By Phil Angelides
Monday, February 07, 2005
Phil Angelides is Treasurer of the State of California.
Gov. Arnold Schwarzenegger says getting rid of public pension plans for California's state and local government workers is about helping to balance the budget. Peel back the budget wrapping on his plan, though, and you will find the governor's real agenda: the California prong of a national attack on the pension funds that have stood up for corporate reform and the interests of ordinary families and investors hurt by the recent wave of corporate scandal.
The governor has proposed privatizing government pension plans and replacing them with individual 401(k)-style private accounts. His proposal strikes at the power of public pension funds, which have used their financial clout to protect the retirement savings of 2 million Californians — teachers, police officers and other public servants.
The governor says his proposal is necessary because pension costs are out of control. Pension costs are certainly worthy of public debate, but his plan requires running two pension systems: one for current workers, a second for new workers. That would cost California taxpayers billions more in years to come — $5.9 billion in the first 10 years in the California State Teachers' Retirement System alone. Tellingly, even four of the governor's own six appointees to the teachers retirement fund oppose his proposal.
Why this proposal then? Because for the right-wing ideologues behind his plan, the issue is not saving money. It is about draining public pension funds of their clout.
As recent news reports explain, the driving force behind the proposed pension ban is the same crew of "anti-tax advocates, free-market enthusiasts and Wall Street interests" that is pushing President Bush's Social Security privatization plan. They include Grover Norquist, the president of Americans for Tax Reform, and Stephen Moore, president of the Free Enterprise Fund. They see the governor's proposal as "one of our highest priorities," and the governor agrees. "This is a national battle," he told reporters as he laid out his plans to collect millions of dollars from wealthy out-of-state political contributors.
Across the country, the governor's ideological soul mates are targeting public pension funds for elimination because those funds — with the California Public Employees' Retirement System and the California State Teachers' Retirement System at the forefront — have stood up for ordinary investors against the rampant corporate abuses.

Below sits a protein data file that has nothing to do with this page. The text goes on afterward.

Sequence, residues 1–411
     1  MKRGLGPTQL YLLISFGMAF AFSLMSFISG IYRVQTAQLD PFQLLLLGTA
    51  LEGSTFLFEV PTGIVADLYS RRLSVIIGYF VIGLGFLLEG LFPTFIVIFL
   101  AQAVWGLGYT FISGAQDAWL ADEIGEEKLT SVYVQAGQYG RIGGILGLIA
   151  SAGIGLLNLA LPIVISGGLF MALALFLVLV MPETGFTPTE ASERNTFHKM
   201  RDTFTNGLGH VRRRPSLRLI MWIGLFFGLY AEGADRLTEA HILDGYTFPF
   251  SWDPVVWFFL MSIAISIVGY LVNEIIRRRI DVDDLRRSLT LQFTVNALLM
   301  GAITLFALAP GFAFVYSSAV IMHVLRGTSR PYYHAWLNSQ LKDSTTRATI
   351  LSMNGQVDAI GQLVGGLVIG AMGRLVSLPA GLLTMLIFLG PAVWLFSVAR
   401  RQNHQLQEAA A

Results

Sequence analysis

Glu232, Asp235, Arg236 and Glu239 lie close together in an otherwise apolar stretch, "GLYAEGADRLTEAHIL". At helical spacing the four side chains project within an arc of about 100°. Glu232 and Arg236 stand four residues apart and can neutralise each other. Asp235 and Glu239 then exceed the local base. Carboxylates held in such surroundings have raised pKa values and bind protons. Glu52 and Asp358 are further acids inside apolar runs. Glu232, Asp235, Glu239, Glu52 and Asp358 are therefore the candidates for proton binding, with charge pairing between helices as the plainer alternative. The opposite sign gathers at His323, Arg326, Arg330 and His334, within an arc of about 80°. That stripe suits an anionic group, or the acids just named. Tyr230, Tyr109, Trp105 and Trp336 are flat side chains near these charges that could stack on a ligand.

"Just 115 people control $1 trillion in these funds," Norquist said. "We want to take that power and destroy it." What bothers him and others is that these funds have rallied other institutional investors to protect the market from abuses and fraud and to support such corporate reforms as linking executive pay to performance, requiring auditor independence, separating stock analysis from investment banking at financial firms, ending insider trading at mutual funds and opening corporate board elections to shareholders.
Moore calls such actions a "witch hunt against corporate excess and corporate accounting scandals," as if the abuses at companies like Enron, WorldCom and Tyco had never happened. Jon Coupal, president of the Howard Jarvis Taxpayers Assn., which also supports the governor's attack on pension funds, denigrates the corporate reform efforts as "straying from bottom line of the benefit of members."
But protecting the bottom line for members is precisely the goal of the corporate reform movement. To ensure long-term returns and reduce risk, large pension funds must invest to mirror markets. When scandal hits those markets, the pension funds — made up of taxpayers, teachers, police and firefighters — get hurt. CalPERS and the teachers retirement fund lost more than $1 billion in the WorldCom and Enron frauds.
In pursuing corporate reform, the pension funds are operating not just in their own self-defense. They are also giving a powerful voice in the boardrooms to the interests of millions of families that have invested their savings in the markets.
That's why the governor and his right-wing ideologues have targeted the pension funds: not because the funds have strayed, but because they are leading the fight on behalf of ordinary shareholders to put transparency and accountability back into American capitalism.